DislikedSo, we can assume that price on a demo account: - is less random - is easier to read - has less fake breakouts Conclusion: Should we then base our live entries on demo charts? Why or why not?Ignored
For example, being a quantitative trader my whole existence is pretty well based on rigorous data mining methods....hence backtesting/ walk forward/ demo and live testing is a major part of the game. As a result you need to carefully check all your assumptions.
Given the random method in which MT4 constructs bars outside of control points the first thing you need to be aware of is forget tick data and start to rely on either control points or open only conditions in your strategy design. The best you are going to get is by using M1 control points or open price data in your testing. The rest is simply random construction.
By all means use Dukascopy tick data to construct your long range timeframe bars for use by your preferred testing platform such as MT4....but don't bother about testing on tick data within MT4. For example, if you are testing a D1 strategy then use M1 control points or open only conditions as you means to test it's efficacy. Tick data is both useless for MT4 and an exorbitant waste of time and processing power of your PC. There is not enough material variation from this premise to warrant the time and effort in obtaining the mythical 99.90% accuracy....unless you are trading at the scalping timeframes.
Discretionary traders are never going to be able to make this comparatison....but systematic traders can, based on the application of precise entry and exit rules based on a control point setting that is more reliable. More often than not it is the inexperience of the coder as opposed to the reliability of the broker feed that causes problems in this area.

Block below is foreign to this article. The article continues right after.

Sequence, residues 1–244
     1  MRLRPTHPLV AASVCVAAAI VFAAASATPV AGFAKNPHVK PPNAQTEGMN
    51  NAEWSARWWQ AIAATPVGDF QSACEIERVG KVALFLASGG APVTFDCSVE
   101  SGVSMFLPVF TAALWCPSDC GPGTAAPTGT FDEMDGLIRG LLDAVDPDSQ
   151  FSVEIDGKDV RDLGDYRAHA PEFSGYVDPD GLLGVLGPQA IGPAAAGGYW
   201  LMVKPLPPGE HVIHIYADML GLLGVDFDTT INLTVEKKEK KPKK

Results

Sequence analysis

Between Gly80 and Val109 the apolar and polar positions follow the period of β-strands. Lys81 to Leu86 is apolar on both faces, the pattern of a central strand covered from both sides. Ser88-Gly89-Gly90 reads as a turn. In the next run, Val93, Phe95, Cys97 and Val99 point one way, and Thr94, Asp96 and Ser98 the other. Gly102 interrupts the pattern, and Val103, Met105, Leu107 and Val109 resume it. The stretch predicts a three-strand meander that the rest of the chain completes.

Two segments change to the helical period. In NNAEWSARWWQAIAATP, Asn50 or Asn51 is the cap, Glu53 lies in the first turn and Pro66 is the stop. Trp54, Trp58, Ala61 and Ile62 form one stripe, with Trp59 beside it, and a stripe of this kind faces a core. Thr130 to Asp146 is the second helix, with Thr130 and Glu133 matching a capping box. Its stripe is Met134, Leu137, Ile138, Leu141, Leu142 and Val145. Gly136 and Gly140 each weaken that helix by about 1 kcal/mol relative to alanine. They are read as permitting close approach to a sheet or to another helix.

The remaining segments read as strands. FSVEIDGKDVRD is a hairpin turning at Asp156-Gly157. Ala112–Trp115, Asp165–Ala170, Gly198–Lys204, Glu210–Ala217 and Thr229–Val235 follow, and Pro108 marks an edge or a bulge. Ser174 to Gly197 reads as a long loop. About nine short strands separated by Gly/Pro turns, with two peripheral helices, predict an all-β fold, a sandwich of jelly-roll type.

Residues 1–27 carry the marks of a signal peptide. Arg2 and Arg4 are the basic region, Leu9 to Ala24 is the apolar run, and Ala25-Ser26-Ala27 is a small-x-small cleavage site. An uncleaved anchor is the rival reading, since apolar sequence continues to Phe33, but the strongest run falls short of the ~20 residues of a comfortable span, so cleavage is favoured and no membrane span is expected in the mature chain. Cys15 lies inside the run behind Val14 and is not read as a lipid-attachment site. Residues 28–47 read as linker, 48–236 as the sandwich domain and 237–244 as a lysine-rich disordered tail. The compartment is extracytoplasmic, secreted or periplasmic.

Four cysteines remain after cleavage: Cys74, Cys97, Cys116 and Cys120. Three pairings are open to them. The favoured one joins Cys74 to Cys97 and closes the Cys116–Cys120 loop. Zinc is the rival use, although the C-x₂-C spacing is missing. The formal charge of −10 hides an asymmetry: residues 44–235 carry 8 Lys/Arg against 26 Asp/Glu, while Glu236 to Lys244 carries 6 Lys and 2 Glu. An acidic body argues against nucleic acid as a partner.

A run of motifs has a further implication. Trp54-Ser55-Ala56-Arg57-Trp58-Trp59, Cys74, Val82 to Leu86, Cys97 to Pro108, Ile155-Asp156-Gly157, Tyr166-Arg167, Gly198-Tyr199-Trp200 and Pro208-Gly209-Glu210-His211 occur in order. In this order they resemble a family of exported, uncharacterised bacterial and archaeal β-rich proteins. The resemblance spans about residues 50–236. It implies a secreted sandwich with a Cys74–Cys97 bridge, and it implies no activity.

The control points of most regulated ECN broker feeds are going to be similar but there will be variation caused by GMT offset as this impacts on the control points themselves. If they weren't then it is unlikely they will stay regulated for very long. That means if you have sufficient data history on a timeframe, then test your strategies on the brokers platforms that you plan to go live on.
In regards to broker feeds....as mentioned earlier, there is so much variation in live feeds let alone demo versus live feeds. This in part is attributed to the decentralized nature of FX pricing and a host of other material factors which has been discussed in this thread.
The way I get consistency in testing to ensure that variations between live and test results are not material in nature (they will never be exact due to price perturbations in latency etc.) is to use the open condition on all testing.
For example here is a D1 strategy result from a live feed and demo feed from FXOPen. I do not regard the variations as material to the outcome...hence I am happy with this degree of variation.....but note the spread difference between these test results. This is when you ask the reason why? with your broker.
Now have a look at the same strategy applied to Darwinex Live
It would be easy to conclude that there was something dodgy going on between these two brokers but the difference relates to GMT offsets, SWAP and spread/commission as opposed to the data feed itself. For example as this strategy works off the open condition in terms of entires and exits....a change in GMT will cause major perturbations in the outcome. This is not a broker issue but a user issue that you need to be aware of.
The bottom line is this.....you need a method of comparing feeds and applied current assumptions such as SWAP, slippage, spread/commissions if you are going to use any form of testing as a rigorous basis to test the efficacy of any live strategy. You are kidding yourselves if you don't take testing seriously as minor perturbations in data totally skew your return streams over time and your return stream results will have no decipherable meaning in terms of what is a robust result versus a poor or random result.
Quidquid latine dictum, altum videtur